Epidemiologists at Harvard have a long legacy of groundbreaking findings, from a 19th-century study on the effectiveness of bloodletting as a treatment for pneumonia to recent work on the role various dietary factors play in chronic disease risk. Harvard School of Public Health (HSPH) faculty, alumni, and students gathered to reflect on the past and future of epidemiology at Harvard during the Cutter Symposium, held on November 8, 2013, as part of the School’s Centennial celebration.

Alfredo Morabia, a historian and professor of epidemiology at Columbia University, kicked off the event with a lively historical overview of HSPH’s Department of Epidemiology—which he called a “methodological beacon” in an “adventurous discipline.” Morabia charged the packed audience in HSPH’s Snyder Auditorium with doing a better job of recording its history. In researching his speech, Morabia was surprised to find scant documentation in the archives at Countway Library—even for the 31-year tenure of Chair Brian MacMahon, who led the department until 1989. However, Morabia’s interviews with more than 20 faculty members, former chairs, and others connected to the department yielded a wealth of information.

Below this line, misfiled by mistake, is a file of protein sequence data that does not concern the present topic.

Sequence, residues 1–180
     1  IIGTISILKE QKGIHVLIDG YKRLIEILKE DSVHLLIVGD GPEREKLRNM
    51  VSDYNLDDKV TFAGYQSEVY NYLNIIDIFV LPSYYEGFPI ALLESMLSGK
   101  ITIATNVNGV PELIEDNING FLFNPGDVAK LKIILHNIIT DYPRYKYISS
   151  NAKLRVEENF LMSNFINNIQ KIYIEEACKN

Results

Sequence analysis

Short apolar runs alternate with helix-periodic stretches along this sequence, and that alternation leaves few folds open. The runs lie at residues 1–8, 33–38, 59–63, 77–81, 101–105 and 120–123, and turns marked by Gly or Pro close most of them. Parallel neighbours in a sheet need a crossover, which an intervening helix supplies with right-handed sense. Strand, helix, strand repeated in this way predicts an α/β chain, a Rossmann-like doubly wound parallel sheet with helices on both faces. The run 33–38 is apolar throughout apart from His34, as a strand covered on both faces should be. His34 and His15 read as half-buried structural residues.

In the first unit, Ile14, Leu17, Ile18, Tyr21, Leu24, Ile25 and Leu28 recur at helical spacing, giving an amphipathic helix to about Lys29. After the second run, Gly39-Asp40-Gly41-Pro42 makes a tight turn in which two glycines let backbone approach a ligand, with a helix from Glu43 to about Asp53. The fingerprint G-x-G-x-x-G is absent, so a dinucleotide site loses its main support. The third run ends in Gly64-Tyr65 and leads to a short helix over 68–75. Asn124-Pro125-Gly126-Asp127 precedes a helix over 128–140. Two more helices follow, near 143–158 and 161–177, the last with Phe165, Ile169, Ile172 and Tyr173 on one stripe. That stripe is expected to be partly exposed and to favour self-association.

Morabia noted that the University’s first epidemiologist was James Jackson, a professor of clinical medicine at Harvard Medical School (HMS) in the early 19th century and the first physician at Massachusetts General Hospital. Employing epidemiologic methods that were rare at the time, according to Morabia, Jackson found evidence countering the common practice of bloodletting for the treatment of pneumonia.

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